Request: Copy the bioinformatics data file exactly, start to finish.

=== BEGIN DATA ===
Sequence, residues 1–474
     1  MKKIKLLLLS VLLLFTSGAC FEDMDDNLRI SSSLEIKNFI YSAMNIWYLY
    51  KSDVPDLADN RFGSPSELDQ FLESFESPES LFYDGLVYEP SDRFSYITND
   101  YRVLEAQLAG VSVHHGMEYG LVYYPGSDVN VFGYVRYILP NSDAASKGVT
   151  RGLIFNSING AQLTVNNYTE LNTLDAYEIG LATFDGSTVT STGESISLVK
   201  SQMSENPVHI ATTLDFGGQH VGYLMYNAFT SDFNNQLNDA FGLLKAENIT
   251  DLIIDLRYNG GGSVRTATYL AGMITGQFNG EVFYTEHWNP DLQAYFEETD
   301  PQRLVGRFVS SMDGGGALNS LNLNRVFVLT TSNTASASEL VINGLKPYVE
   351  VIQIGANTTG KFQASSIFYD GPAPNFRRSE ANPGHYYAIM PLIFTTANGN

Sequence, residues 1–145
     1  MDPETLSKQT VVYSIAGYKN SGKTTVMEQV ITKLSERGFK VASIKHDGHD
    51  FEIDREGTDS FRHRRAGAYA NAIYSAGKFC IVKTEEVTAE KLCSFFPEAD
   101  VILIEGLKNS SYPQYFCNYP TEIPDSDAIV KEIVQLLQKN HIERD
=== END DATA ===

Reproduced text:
Sequence, residues 1–474
     1  MKKIKLLLLS VLLLFTSGAC FEDMDDNLRI SSSLEIKNFI YSAMNIWYLY
    51  KSDVPDLADN RFGSPSELDQ FLESFESPES LFYDGLVYEP SDRFSYITND
   101  YRVLEAQLAG VSVHHGMEYG LVYYPGSDVN VFGYVRYILP NSDAASKGVT
   151  RGLIFNSING AQLTVNNYTE LNTLDAYEIG LATFDGSTVT STGESISLVK
   201  SQMSENPVHI ATTLDFGGQH VGYLMYNAFT SDFNNQLNDA FGLLKAENIT
   251  DLIIDLRYNG GGSVRTATYL AGMITGQFNG EVFYTEHWNP DLQAYFEETD
   301  PQRLVGRFVS SMDGGGALNS LNLNRVFVLT TSNTASASEL VINGLKPYVE
   351  VIQIGANTTG KFQASSIFYD GPAPNFRRSE ANPGHYYAIM PLIFTTANGN

Sequence, residues 1–145
     1  MDPETLSKQT VVYSIAGYKN SGKTTVMEQV ITKLSERGFK VASIKHDGHD
    51  FEIDREGTDS FRHRRAGAYA NAIYSAGKFC IVKTEEVTAE KLCSFFPEAD
   101  VILIEGLKNS SYPQYFCNYP TEIPDSDAIV KEIVQLLQKN HIERD